One of the best tips for boosting your VR score is to know what the different question types are – and how to answer them.
The true, false and can’t tell questions are amongst the easier Verbal Reasoning questions; the greater difficulty lies in answering the longer type questions. An example of these longer questions are inference questions, often phrased like “which of these statements is most likely to be true?” For these, the answer may not be explicitly mentioned in the text, but it must be true based on the information provided.
The best place to start with verbal reasoning is to make yourself aware of the common tricks that catch out other test-takers. You need to be able to spot when the test is trying to trip you up so that you don’t make the same mistakes as everyone else.
The true/false/can’t tell VR questions can catch you out if you’re not sure what they actually mean. One of the best tips for the verbal reasoning section is to be 100% clear on the definitions:
The key is that you don’t make any assumptions. For example, you may know something to be correct but if the information isn’t in the passage, you can’t say that it is true because it relies on additional information.
Keep an eye out for the negative questions, which often include the terms ‘not’, ‘cannot’ ‘least’ or ‘except’. For example, a negative question would be: “all of the following statements are true, except…” or “which of the following statements are not true…”.
Whilst it seems straightforward, a surprising number of people skip the negative word in these questions and therefore answer it wrong. Therefore, a good verbal reasoning tip is to translate these questions into “which of the following statements are false?” so that it’s easier to follow and answer.
One of the most common tricks is dispersion and contradiction, which is when key terms are referenced more than once in a passage, and the second instance negates or clarifies the first. It’s designed to confuse you and can lead you to the wrong answer.
Sometimes the question or the passage will have the same context but the use of just one word can change the meaning of the text. A good tip is to make sure you can spot the difference between almost always and always, for example.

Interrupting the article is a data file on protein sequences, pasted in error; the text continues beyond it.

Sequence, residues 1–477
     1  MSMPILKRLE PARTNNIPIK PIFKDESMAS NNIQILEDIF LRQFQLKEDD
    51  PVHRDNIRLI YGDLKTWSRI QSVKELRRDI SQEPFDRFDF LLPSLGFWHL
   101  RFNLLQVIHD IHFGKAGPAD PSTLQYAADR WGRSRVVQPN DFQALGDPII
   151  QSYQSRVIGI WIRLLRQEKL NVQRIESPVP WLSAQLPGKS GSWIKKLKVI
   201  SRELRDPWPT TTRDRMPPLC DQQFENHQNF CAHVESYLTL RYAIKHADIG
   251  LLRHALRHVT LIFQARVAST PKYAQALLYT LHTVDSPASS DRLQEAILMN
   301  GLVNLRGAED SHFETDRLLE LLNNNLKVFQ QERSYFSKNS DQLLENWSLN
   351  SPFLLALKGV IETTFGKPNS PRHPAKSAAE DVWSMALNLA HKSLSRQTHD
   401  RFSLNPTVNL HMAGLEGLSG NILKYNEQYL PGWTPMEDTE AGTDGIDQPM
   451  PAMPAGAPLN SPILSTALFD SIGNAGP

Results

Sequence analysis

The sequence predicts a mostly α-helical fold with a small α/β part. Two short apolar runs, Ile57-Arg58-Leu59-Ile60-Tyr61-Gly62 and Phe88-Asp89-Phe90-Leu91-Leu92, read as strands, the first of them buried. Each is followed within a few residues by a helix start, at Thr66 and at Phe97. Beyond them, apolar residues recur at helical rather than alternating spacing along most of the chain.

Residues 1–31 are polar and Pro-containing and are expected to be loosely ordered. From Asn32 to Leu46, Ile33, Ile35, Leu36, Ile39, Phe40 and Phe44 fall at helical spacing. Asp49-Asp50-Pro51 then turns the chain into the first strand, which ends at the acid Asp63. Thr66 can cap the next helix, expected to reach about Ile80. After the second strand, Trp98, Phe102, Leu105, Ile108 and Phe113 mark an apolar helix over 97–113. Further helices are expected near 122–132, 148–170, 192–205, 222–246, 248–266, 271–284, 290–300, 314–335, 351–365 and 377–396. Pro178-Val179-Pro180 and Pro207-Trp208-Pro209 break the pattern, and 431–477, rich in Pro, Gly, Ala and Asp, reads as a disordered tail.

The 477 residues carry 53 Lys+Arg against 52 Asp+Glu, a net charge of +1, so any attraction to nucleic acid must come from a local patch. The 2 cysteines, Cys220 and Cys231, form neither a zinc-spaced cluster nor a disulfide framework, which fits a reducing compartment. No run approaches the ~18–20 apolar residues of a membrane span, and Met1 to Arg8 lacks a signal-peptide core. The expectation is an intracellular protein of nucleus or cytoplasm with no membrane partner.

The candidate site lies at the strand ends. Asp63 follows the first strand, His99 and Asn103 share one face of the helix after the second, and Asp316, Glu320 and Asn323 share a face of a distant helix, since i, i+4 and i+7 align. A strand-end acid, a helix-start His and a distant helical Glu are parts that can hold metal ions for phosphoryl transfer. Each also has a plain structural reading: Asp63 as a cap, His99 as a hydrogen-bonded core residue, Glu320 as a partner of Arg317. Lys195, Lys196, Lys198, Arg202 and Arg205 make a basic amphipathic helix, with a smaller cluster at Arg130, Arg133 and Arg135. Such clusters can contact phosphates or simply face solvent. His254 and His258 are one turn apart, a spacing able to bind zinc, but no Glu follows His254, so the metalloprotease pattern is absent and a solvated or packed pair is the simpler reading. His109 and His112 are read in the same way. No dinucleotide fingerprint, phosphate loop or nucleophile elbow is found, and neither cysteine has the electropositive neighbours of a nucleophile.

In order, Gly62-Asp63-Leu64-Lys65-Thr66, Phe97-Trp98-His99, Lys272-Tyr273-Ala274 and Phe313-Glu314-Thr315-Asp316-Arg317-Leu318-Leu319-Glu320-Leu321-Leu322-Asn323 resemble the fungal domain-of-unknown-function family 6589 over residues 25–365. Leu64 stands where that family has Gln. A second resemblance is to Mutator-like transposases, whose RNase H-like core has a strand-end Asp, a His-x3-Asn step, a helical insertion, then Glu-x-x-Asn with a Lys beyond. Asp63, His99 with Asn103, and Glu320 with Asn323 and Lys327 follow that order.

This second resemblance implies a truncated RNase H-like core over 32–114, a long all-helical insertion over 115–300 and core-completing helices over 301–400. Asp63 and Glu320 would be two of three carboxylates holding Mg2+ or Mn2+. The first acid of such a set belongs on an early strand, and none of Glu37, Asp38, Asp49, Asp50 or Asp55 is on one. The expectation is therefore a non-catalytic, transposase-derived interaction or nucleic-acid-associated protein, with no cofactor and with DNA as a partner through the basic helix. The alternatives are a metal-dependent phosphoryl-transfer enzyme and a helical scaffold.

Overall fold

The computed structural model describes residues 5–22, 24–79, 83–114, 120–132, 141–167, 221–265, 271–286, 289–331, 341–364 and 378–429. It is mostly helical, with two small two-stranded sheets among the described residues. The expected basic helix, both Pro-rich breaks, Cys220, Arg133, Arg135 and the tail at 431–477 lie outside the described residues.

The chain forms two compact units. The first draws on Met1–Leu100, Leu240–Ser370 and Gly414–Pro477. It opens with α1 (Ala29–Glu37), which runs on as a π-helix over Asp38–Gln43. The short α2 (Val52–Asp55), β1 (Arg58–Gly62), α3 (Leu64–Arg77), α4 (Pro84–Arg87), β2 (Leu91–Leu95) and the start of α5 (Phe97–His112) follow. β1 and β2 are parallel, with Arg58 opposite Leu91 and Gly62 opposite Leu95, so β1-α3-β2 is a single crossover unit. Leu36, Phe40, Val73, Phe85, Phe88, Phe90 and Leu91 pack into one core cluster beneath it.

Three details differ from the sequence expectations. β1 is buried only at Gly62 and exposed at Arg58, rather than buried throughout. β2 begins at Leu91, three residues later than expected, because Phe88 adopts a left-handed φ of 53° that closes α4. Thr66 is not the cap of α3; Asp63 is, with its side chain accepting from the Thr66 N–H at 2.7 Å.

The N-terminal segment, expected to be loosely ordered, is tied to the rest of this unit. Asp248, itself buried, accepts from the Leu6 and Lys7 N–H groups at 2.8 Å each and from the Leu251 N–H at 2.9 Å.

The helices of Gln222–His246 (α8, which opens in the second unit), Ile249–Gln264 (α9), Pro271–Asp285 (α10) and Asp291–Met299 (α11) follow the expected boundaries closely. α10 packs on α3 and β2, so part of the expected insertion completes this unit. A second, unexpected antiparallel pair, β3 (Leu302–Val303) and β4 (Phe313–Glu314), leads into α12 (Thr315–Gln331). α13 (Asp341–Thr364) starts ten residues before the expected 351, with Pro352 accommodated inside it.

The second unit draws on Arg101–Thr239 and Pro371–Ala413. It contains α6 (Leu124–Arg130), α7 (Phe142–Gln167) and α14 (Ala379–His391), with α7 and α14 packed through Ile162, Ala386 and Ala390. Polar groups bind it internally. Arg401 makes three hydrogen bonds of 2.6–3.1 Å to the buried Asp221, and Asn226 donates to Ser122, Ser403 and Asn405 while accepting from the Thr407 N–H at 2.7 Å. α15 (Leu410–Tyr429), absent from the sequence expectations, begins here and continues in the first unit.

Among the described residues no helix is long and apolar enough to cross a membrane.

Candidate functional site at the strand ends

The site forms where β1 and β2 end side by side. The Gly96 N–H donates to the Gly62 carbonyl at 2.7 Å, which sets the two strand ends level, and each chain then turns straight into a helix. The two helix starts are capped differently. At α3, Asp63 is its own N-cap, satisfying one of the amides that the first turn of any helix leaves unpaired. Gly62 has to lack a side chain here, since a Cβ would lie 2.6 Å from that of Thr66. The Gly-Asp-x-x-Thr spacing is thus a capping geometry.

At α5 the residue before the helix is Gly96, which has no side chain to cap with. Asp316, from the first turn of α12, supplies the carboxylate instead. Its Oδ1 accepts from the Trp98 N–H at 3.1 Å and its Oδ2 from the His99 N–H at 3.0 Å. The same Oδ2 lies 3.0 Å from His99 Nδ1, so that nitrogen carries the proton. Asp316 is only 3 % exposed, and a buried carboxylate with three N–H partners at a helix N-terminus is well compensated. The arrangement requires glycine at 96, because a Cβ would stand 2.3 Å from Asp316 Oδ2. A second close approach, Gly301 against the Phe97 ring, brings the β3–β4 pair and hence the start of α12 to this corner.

You don’t need any additional knowledge to answer VR questions – but the questions may ask you something that’s common knowledge but isn’t included in the test. Make sure your answers are based only on the information that’s been given.
The first UCAT verbal reasoning tip is to focus on your ability to scan text as quickly as possible. Try skim-reading books or newspapers, and see if you can summarise the argument to a friend.
Make sure you read the question first, so you know where to focus when you scan the text. If you miss this step, you may find yourself wasting time by reading the whole passage of text unnecessarily.
Spot the keywords in the question and then skim the text to find them. Make sure you read the sentence before and after the keywords to contextualise them; this should give you enough information to eliminate the wrong answers and select the right one.
Another important verbal reasoning tip is that keywords can appear multiple times in the text – so make sure you scan it all!
Verbal reasoning is a highly time-pressured section of the test, so you have to be quick with your answers. Our best tip is to make sure you take the statements at face value and don’t waste time thinking too deeply about them.
If you spend too long thinking around the statement, you’ll get yourself confused and waste time. It’s quite likely that if you have to think too much about an answer it is probably ‘Can’t Tell’.
The average time to spend on a VR question is 30 seconds – but some will definitely take longer to answer. It’s important to know this so that you don’t panic when you reach these questions.
If you happen to come across a perfect answer on option ‘a’ or ‘b’, you can simply select that and move on. Timing is so tight in verbal reasoning, so our tip is to choose the right answer and move on – don’t waste time reading all the answers to check if you’ve missed something.
One of the most important verbal reasoning tips is to flag any questions you can’t speedily answer and come back to them at the end. All the questions are worth the same number of points, so there’s no merit in focussing on any particular question. Don’t let a hard question trip you up and risk not answering easier questions later in the subtest.
Make sure you use a UCAT Question Bank so that you can practice VR questions in an environment that reflects the real test, so you can get used to things like the ability to flag a question and move on.
If you’re running out of time, just go with your gut instinct because it’s often right. You don’t have enough time to second-guess yourself, so choose the best answer and move on. It’s usually a 50/50 guess since you’ve probably already eliminated half of the answers already.
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